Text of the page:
“A lot of what we’re working on is those professional skills,” Moore said. “Building that self-confidence up. Building that sense of self-presentation. Being able to articulate a clear pathway for yourself and how this program and the job you get out of it is going to help set you up long term. Our self-empowerment class is what students identify as what they are least excited about on Day 1 but is what is most transformational for them at the conclusion of the program. “

There have been over 2,000 graduates since the start of the program. With the help of the NBA Foundation, DC Central Kitchen was able to open a second job training café.

“After about nine weeks in the kitchen, our students do an internship at one of our social enterprises,” Moore said. “We talk them through mock interview practices, resume preparations, salary negotiations, what can you ask for and how do you make the most of that opportunity. After they graduate, we provide two years of support and follow up.”

Mykel T., a Culinary Job Training graduate, is a café lead at Marianne’s Café by DC Central Kitchen at the MLK Jr. Memorial Library in downtown D.C.

“The program put me in a position to know what to do physically in my job,” he said. “The cooking is one thing, but the customer service and the ability to communicate with different kinds of people is another factor. That’s something CJT focuses on, and I think these lessons are good learning tools.

“Self-empowerment made me look a little deeper into potential problems with my approach to both work and personal situations. It’s always good to pay attention to possible problems. We had a lot of conversations, but the main thing I took away is the value of hard work and consistency. It doesn’t matter where you come from or what you went through beforehand, as long as you stay consistent and work hard, you can achieve anything. You just have to have faith.”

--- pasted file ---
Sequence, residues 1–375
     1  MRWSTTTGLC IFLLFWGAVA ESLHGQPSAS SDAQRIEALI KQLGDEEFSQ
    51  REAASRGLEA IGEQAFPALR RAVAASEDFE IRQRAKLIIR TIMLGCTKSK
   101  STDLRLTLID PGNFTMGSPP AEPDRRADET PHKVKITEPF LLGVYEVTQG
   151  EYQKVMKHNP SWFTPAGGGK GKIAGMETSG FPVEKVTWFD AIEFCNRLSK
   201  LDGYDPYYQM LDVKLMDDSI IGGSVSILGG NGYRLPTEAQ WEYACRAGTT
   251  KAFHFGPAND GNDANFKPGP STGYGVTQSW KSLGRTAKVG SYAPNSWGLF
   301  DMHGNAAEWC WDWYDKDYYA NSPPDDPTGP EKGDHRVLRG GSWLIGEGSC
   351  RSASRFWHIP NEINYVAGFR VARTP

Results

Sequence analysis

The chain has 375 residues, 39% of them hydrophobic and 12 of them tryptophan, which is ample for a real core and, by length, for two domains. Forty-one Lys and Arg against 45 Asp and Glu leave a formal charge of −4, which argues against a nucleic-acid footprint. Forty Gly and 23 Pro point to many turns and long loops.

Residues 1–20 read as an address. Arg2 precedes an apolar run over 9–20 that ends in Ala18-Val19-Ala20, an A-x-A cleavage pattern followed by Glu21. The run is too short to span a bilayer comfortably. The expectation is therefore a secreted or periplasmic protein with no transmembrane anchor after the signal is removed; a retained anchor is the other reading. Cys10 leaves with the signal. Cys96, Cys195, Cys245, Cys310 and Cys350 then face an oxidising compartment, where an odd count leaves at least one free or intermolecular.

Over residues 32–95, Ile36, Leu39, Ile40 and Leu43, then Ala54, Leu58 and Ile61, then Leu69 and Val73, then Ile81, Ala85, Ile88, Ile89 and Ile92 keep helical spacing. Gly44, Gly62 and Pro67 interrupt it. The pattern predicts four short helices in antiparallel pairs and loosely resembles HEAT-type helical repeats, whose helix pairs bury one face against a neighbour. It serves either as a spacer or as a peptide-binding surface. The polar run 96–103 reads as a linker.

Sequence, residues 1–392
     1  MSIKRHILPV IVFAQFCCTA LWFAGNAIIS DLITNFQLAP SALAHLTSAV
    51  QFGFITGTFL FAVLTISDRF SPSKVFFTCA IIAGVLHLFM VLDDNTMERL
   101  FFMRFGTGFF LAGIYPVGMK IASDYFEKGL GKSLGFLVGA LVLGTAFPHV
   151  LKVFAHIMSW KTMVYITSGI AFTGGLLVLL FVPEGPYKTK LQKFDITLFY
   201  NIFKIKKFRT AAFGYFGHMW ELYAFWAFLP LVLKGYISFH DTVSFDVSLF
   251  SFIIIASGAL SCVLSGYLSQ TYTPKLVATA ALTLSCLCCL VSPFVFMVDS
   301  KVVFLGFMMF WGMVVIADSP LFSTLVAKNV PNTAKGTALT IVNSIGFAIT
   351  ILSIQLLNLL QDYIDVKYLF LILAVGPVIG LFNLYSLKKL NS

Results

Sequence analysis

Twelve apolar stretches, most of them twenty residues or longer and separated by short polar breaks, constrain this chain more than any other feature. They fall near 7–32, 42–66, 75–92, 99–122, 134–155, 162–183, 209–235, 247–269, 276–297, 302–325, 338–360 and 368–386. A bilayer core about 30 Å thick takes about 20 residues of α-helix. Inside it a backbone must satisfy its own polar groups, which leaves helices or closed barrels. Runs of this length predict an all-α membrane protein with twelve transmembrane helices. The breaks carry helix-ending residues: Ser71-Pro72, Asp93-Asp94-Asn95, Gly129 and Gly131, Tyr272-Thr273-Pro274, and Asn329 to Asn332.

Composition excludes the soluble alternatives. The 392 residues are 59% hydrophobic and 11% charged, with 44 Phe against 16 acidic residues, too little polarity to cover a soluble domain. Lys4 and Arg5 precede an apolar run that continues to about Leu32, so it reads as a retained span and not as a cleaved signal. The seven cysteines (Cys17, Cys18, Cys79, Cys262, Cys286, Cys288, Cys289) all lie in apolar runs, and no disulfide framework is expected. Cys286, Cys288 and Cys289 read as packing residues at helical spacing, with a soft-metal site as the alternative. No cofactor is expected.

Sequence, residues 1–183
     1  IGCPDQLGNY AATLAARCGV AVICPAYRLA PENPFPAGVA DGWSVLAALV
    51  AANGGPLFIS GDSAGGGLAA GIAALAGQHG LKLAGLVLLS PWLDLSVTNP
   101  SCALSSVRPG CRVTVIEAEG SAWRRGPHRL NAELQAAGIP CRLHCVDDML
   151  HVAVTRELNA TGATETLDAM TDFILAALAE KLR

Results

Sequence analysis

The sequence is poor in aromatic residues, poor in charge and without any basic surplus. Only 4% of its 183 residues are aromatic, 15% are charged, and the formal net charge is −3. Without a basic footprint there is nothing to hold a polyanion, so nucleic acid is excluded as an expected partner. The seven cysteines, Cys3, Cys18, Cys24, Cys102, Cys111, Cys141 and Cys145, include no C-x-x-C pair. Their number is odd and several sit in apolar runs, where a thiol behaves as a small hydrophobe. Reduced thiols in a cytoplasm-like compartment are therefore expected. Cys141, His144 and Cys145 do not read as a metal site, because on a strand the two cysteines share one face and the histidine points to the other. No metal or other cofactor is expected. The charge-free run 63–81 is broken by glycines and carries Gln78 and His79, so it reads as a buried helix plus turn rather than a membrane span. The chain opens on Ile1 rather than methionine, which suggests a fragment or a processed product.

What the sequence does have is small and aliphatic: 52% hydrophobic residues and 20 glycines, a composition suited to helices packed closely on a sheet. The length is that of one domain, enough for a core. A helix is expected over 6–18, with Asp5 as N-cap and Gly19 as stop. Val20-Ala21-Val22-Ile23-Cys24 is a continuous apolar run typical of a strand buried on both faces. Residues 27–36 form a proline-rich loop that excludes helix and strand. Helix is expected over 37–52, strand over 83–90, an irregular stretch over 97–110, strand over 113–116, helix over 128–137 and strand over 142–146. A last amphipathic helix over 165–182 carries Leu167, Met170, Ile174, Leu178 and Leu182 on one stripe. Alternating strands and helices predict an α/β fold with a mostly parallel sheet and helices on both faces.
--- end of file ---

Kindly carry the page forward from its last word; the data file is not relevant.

For over 30 years, DC Central Kitchen operated mainly out of a basement space. This fall it is moving into a 36,000-square foot, state-of-the-art facility equipped with offices, kitchens and classrooms and will allow the program to reach more people.

“We are really excited and eager to get down to work in this new space,” Moore said. “As important as the work we’ve done at the old facility is, as transformative as the work our students have put forth in that facility has been, we know our students deserve better and can be even more ready for that next step in their careers. They will have modern, dignified spaces for training and learning. The fact our new facility will not only have a fully modern classroom for classroom-based learning but a fully state-of-the-art kitchen, a café right on site so students can be part of that full kitchen-to-table effort. They’ll be able to work on their skills in every one of those settings, working alongside alumni in our training program in our production kitchen. They will be working with volunteers and having all that under one roof where they can constantly be building skills and confidence is going to be transformative for our work.”

For more information on DC Central Kitchen, click here.